Armadale, Volume 3

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B. Tauchnitz, 1866
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Page 256 - O Woman ! in our hours of ease, Uncertain, coy, and hard to please, And variable as the shade By the light quivering aspen made, When pain and anguish wring the brow, A ministering angel thou ! — Scarce were the piteous accents said, When, with the Baron's casque, the maid To the nigh streamlet ran.
Page 6 - Neelie was too business-like to make any other remark, on her side, than the necessary remark in the pocket-book. She made another entry under the head of "Good:" — "I am old enough to consent, and so is Allan too. Go on," resumed Neelie, looking over the reader's shoulder.
Page 9 - ... the consent of the person or persons whose consent to such marriage is required by law has been obtained thereto, or that there is no person having authority to give such consent, as the case may be...
Page 99 - Sunday, August 10th. — The eve of my weddingday! I close and lock this book, never to write in it, never to open it again. "I have won the great victory; I have trampled my own wickedness under foot. I am innocent; I am happy again.
Page 6 - ... dissolve a contract already formed, but they render the parties incapable of forming any contract at all: they do not put asunder those who are joined together, but they previously hinder the junction. And, if any persons under these legal incapacities come together, it is a meretricious and not a matrimonial, union.
Page 8 - We are not at the end of it yet,' said Neelie. 'The Void is nothing to what is to come.' 'Whatever it is,' rejoined Allan, 'we'll treat it like a dose of physic we'll take it at once, and be done with it.' He went on reading: '"And no licence to marry without banns shall be granted, unless oath shall be first made by one of the parties that he or she believes that there is no impediment of kindred or alliance" - well, I can take my oath of that with a safe conscience! What next? "And one of the said...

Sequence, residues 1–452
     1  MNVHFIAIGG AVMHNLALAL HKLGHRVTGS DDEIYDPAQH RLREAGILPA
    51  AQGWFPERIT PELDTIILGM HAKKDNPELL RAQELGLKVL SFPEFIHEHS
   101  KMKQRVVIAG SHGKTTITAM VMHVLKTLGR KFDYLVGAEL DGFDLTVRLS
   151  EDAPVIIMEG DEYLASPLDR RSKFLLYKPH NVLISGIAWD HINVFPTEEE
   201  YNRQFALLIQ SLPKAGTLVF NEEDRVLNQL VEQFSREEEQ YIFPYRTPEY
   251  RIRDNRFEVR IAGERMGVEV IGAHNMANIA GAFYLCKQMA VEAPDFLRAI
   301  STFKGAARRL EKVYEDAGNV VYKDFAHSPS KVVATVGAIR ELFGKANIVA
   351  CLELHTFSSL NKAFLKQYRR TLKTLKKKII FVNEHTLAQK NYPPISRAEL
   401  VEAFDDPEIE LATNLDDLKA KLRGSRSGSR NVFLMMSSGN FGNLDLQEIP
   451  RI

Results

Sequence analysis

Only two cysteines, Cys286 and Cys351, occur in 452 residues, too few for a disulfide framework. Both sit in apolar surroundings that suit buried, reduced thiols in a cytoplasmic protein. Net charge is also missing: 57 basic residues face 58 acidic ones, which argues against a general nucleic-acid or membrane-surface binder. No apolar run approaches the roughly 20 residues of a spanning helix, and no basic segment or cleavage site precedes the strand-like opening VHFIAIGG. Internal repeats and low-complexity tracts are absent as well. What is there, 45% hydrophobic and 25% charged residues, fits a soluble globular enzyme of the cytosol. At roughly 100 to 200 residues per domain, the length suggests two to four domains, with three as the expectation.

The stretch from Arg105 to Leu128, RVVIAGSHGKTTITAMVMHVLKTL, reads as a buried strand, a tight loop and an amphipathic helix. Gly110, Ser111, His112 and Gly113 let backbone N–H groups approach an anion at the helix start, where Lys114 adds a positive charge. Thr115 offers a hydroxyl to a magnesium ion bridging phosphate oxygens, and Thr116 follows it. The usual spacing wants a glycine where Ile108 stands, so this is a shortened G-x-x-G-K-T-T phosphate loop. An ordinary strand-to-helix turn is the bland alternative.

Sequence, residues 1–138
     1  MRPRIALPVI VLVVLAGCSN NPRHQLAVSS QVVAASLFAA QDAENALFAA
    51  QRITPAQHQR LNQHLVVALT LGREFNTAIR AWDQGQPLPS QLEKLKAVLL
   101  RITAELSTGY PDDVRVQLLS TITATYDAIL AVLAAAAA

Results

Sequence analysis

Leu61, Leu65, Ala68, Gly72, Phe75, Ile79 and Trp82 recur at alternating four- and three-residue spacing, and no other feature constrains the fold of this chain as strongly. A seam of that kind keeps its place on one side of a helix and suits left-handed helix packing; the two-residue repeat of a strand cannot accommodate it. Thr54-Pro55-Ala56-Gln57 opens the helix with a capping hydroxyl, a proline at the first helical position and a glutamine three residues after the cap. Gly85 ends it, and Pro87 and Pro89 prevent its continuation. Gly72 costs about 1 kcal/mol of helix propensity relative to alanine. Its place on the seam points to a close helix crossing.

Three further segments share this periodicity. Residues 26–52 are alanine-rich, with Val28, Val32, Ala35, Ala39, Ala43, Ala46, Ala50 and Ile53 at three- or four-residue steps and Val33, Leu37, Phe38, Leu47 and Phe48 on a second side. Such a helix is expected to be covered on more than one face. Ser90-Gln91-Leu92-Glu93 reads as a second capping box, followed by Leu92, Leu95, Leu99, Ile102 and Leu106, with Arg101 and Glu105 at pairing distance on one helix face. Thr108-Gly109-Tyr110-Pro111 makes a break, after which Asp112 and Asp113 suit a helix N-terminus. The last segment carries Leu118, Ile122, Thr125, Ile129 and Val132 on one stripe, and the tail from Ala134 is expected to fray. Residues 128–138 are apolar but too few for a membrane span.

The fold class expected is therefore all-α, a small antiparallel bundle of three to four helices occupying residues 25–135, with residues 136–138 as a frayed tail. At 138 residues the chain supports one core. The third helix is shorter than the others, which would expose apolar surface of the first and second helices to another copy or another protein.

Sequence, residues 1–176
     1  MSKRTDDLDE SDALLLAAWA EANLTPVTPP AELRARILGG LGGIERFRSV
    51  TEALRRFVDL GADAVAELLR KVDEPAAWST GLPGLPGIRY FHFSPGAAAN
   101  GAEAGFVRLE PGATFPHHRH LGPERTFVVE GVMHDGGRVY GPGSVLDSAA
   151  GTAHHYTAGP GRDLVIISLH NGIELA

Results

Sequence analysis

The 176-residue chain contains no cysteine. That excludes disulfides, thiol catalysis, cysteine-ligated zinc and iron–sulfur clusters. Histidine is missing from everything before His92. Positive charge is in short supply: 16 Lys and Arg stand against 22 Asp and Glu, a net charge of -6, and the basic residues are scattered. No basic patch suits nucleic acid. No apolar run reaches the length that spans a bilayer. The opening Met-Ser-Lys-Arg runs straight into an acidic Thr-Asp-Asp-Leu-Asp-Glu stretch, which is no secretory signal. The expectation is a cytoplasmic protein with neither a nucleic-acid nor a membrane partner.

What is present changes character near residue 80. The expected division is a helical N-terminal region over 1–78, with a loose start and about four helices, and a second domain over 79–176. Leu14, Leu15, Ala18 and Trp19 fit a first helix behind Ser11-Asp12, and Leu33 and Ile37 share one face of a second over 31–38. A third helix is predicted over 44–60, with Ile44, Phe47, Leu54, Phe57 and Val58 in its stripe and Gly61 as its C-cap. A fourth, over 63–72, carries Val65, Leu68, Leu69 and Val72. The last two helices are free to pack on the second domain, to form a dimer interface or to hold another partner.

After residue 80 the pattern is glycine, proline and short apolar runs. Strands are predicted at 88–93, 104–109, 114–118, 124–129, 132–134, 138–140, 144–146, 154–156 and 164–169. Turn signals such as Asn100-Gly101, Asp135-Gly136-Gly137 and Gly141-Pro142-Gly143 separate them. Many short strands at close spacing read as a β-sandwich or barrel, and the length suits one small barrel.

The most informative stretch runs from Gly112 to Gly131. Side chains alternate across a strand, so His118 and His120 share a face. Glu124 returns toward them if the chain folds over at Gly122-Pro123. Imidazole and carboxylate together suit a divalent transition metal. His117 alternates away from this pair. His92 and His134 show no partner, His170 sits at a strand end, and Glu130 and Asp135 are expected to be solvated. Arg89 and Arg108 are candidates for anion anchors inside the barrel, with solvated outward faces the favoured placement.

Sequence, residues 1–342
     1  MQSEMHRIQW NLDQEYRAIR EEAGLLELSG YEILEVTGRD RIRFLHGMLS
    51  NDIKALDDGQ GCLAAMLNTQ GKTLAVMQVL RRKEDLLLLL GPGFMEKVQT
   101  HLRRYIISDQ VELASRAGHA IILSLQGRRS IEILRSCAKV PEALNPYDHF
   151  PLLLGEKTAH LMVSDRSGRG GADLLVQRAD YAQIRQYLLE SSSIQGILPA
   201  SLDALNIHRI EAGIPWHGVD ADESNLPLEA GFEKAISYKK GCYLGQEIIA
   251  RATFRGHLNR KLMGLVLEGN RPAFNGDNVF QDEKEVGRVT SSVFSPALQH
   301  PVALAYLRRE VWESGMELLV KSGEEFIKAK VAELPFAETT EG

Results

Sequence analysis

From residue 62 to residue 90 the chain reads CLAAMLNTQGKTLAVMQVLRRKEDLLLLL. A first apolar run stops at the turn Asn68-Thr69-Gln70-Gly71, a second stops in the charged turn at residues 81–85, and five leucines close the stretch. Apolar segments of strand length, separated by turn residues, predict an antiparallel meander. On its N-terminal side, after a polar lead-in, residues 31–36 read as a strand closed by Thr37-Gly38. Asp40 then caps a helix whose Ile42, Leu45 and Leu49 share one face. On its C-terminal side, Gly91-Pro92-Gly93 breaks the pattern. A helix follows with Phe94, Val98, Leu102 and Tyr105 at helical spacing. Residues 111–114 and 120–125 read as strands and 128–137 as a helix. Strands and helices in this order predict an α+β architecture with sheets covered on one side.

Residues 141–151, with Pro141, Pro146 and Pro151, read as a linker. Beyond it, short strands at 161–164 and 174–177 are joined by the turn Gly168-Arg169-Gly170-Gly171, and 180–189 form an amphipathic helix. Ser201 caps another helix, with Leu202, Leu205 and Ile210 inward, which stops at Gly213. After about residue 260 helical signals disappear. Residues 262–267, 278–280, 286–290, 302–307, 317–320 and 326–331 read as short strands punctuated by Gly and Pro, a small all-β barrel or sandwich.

Page 212 - I am, with my galvanic apparatus,*and my preserved specimens, and all the rest of it,' said the doctor, placing me in a chair by the fireside. ' And there is my System mutely addressing you just above your head, under a form of exposition which I venture to describe as frankness itself. This is no madhouse, my dear lady. Let other men treat insanity, if they like — / stop it ! No patients in the house as yet. But we live in an age when nervous derangement (parent of insanity) is steadily on the...
Page 346 - Norfolk Broads" are here described after personal investigation of them. In this, as in other cases, I have spared no pains to instruct myself on matters of fact. Wherever the story touches on questions connected with Law, Medicine, or Chemistry, it has been submitted before publication to the experience of professional men. The kindness of a friend supplied me with a plan of the doctor's apparatus, and I saw the chemical ingredients at work before I ventured on describing the action of them in the...
Page 27 - Pedgift Senior habitually matched everybody — his son included — with their own weapons. "Be good enough to remember, Augustus," he rejoined, "that My Room is not a Court of Law. A bad joke is not invariably followed by 'roars of laughter' here. Let Mr. Bashwood come in.
Page 69 - But I am forgetting the girl's letter. She gives her father's reasons for making his conditions, in her father's own words. The major seems to have spoken so sensibly and so feelingly that he left his daughter no decent alternative - and he leaves Armadale no decent alternative - but to submit. As well as I can remember it, he seems to have expressed himself to Miss Neelie in these, or nearly in these terms: 'Don't think I am behaving cruelly to you, my dear - I am merely asking you to put Mr Armadale...

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